Divorced parents in Florida must create a parenting plan that clearly outlines their custody and visitation arrangement.
As your children grow or your circumstances change, you may want to modify this plan. Before you do this, you should understand Florida’s laws regarding co-parenting.
What should be in our parenting plan?
According to Florida law, your parenting plan must address the following:
- Division of day-to-day parenting responsibilities
- Your time-sharing schedule
- Who will be responsible for health care, school and other activities
- How both parents will communicate with the child
Your parenting plan must address these issues in sufficient detail for the court to approve it.
Can I modify the parenting plan?
To modify the plan, you must prove that you have experienced a change in circumstances. The court must determine that the requested modification is in your child’s best interest.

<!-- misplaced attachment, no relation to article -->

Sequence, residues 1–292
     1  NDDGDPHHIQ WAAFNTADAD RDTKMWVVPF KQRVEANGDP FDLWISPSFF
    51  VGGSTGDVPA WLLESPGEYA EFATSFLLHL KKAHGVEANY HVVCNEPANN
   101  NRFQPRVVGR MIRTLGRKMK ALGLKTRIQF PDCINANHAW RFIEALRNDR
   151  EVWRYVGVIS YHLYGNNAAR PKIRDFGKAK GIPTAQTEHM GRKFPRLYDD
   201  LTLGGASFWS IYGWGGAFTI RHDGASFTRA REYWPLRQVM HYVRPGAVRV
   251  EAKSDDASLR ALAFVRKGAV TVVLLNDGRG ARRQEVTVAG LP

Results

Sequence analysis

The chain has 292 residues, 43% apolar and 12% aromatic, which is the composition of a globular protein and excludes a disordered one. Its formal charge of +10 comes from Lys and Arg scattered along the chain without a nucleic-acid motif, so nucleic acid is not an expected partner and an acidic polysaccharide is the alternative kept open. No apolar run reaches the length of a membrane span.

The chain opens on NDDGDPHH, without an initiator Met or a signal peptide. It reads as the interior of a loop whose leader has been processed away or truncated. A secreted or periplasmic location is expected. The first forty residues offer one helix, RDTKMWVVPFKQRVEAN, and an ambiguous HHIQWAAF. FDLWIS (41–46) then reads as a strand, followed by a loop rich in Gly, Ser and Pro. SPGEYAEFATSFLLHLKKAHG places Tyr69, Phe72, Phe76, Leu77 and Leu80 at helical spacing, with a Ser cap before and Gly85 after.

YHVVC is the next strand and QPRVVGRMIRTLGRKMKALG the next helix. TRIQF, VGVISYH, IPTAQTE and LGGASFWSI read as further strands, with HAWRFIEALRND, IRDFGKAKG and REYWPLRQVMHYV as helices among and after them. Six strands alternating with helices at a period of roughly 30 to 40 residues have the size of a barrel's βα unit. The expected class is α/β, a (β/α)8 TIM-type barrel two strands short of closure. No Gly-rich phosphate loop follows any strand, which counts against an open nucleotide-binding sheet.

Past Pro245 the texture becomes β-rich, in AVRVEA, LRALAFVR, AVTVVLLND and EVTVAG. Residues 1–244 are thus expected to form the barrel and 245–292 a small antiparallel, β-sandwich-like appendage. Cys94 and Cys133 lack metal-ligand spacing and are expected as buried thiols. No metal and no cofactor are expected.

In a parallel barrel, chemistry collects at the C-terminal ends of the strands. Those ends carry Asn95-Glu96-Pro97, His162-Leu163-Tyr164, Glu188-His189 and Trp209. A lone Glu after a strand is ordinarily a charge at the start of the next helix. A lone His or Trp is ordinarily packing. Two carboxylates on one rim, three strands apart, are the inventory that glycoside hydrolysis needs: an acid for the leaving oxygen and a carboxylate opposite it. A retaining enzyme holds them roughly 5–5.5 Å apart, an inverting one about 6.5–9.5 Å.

Can I deny visitation if my ex does not pay child support?
You must honor your parenting plan unless the court decides otherwise. You may not withhold visitation for unpaid child support.
My ex will not let me see my child. Can I stop paying child support?
You must pay child support even if your ex is withholding visitation. The court may order the offending parent to make up the lost time or modify the parenting plan.
What if my child does not want to see my ex?
The law generally considers “frequent and continuing contact with both parents” to be in the child’s best interest. If your child is old enough, the court may take his or her preferences into account, but your child can not make the decision independently.
Co-parenting after divorce can be frustrating. Understanding and following the law can help you avoid conflicts and co-parent more effectively.